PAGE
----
Miniature MIMO radar sensors for three-dimensional visibility in harsh environmental conditions#
The European Horizon 2020 research project SmokeBot was concluded in June 2018 with a successful demonstration in the fire exercise building of the Dortmund fire department. Fraunhofer FHR proved to be a reliable partner in the area of integrated MIMO radar modules.
Sensor Suite for the Exploration of Buildings Filled with Smoke
The project has pointed out new paths in sensor technology to provide robots with reliable orientation, create maps, and thus save lives even in parts of a building completely saturated
in smoke. The project was coordinated by Achim Lilienthal, Professor at the Swedish Örebru University. Within the scope of the SmokeBot project, the project team equipped a robot
provided by the Austrian company TAUROB with a multitude of environment exploring sensors. Besides laser measuring technology, infrared cameras, and gas sensors, this sensor
suite also included a highly integrated MIMO radar from Fraunhofer FHR.
Technological Advantage thanks to Silicon-Germanium Integration
In this process, the development at Fraunhofer FHR already started at the chip level. The researchers developed a complete MIMO chip set with an operating frequency of 120 GHz. Each chip contains either 4 transmit or 4 receive channels on a total size of less than 2x2 millimeters. Thanks to this technology, the team of researchers was able to implement 24 transmit
and 24 receive channels with a total module size of only 25 cm, thus providing 576 combinations for angle-resolved imaging. The individual pulses based on linear frequency
chirps were optimized to provide for the sequence of all 24 transmission pulses within less than three thousandth of a second.
Both, the high frequency electronics as well as the data collection were accommodated in the modules thanks to the use of compact digital circuit electronics. In addition, Fraunhofer FHR developed its own concepts for the synchronization of all 24 receive channels. It was possible to directly integrate the antenna elements into the housing.
This way, despite their internally very high complexity, the developed modules can easily be integrated into the measuring systems. The system has to provide one single supply voltage and a standard network interface for this.
3D Obstacle Recognition Thanks to Digital Image Reconstruction Algorithms
Each measurement data set is processed to calculate a three-dimensional image using the 3D near field reconstruction algorithms developed at Fraunhofer FHR. This allows for
the reliable locating of objects, doors, or walls even through smoke, fog or backlight. The image quality largely depends on the antenna arrangement. A small antenna array with a high density of transmitter and receiver elements offers very high image dynamics, while the distribution of the antennas across a larger area provides for a higher image resolution at the expense of lower image dynamics. The SmokeBot team at Fraunhofer FHR chose a semicircular distribution of the antenna elements developed specifically for the project. This allows to obtain an image resolution of less than one degree over a field of view of 45 degrees in all directions, even with only 24x24 channels. In the process, the special antenna arrangement distributes the imaging artefacts caused by the thinned-out aperture as evenly as possible across the entire angular range. This results in imaging dynamics of 17 dB.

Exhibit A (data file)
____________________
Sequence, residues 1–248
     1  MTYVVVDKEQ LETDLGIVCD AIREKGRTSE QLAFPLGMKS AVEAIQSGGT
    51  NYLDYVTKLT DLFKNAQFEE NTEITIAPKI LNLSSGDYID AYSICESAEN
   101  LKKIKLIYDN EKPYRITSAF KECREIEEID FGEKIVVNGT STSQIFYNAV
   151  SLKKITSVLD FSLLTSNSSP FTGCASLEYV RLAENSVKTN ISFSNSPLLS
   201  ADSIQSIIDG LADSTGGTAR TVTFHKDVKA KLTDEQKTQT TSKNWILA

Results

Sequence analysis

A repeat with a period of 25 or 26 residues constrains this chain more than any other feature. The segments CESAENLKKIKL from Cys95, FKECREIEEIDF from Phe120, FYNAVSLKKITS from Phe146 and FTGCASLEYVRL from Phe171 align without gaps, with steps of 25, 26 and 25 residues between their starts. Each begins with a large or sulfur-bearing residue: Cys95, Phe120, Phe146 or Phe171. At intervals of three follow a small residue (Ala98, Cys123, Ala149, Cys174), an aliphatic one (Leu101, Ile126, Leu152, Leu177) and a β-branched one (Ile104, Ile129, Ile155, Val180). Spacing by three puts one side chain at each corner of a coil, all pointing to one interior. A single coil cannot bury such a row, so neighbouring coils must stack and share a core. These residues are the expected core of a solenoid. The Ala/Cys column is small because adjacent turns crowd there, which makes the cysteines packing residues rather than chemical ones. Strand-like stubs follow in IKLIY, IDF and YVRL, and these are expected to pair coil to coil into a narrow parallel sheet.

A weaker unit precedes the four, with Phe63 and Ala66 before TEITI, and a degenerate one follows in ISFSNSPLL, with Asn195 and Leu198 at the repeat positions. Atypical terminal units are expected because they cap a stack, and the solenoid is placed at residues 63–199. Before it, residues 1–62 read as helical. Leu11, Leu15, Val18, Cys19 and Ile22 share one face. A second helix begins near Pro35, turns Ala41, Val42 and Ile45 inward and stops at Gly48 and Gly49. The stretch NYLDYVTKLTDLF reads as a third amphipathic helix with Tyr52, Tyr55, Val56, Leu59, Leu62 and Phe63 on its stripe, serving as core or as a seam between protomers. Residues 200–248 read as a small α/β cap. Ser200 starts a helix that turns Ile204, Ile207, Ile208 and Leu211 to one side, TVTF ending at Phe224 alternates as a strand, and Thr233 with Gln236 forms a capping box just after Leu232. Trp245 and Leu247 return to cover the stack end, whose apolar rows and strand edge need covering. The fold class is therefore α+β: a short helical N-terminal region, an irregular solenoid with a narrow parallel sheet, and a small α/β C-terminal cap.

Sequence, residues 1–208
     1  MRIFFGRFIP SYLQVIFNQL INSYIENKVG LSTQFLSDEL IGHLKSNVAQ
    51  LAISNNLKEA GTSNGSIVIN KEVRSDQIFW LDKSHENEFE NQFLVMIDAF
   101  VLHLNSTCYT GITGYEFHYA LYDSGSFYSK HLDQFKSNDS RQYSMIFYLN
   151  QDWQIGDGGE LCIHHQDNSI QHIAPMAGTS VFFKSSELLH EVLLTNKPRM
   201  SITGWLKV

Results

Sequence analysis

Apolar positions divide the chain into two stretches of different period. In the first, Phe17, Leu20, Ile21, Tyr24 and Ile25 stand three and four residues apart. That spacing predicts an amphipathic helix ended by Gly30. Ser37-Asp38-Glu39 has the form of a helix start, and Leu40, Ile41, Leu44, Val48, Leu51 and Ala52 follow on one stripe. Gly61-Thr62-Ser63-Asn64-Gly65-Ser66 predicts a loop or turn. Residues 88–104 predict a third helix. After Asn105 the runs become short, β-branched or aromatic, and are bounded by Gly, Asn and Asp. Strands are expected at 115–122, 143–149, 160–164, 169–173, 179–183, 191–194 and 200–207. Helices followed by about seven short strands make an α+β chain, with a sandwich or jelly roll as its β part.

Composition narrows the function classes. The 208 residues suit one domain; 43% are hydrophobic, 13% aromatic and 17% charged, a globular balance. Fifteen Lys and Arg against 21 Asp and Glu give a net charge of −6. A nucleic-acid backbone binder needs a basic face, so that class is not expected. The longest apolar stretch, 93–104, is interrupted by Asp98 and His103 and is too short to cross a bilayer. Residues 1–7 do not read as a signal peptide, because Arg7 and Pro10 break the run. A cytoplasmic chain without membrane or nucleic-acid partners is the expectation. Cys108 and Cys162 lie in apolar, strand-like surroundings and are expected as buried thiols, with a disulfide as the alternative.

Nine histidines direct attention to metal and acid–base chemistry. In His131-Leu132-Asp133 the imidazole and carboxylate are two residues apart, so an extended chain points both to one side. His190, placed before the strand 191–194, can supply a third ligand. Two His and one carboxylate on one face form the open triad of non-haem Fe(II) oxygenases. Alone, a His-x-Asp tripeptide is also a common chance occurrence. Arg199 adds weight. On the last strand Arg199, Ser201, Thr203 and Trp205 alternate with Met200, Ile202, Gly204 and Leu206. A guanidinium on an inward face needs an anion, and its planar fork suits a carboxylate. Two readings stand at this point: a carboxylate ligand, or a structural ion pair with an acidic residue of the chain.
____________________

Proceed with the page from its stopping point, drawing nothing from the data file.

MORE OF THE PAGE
Numerous Applications from the Detection of Humans up to Surface Reconstruction
Figure 2 shows what this means with regard to the image quality. A person was captured by a single radar measurement. The outline of the standing person can be made out clearly thanks to the high resolution. However, there are image artefacts around the person caused by the sparse antenna array. Nevertheless, the person clearly recognizable. Because of the short data acquisition time, the tracking of movement is one possibility of gaining a large amount of information from the data. Another application consists of the outstanding suitability of the radar technology for the scanning of rough surfaces. Figure 3 shows the three-dimensional capture of an ore deposit. For optical technologies, it is especially hard to capture dark surfaces outdoors. Here, a radar-based solution offers a significantly higher reliability. The possibilities of the newly developed technology prove to be diverse and are bound to open up numerous other research and application fields.
Successful Demonstration Even in Zero Visibility Conditions
On the occasion of the final review meeting at the end of June, the entire system was demonstrated in the fire exercise building of the fire department. In this demonstration, Fraunhofer FHR's MIMO radar was able to showcase its full capacities. Even when the building was completely filled with smoke and the LIDAR sensors as well as the installed cameras no longer provided an evaluable signal, Fraunhofer FHR's radar technology ensured the reliable operation of the complete system.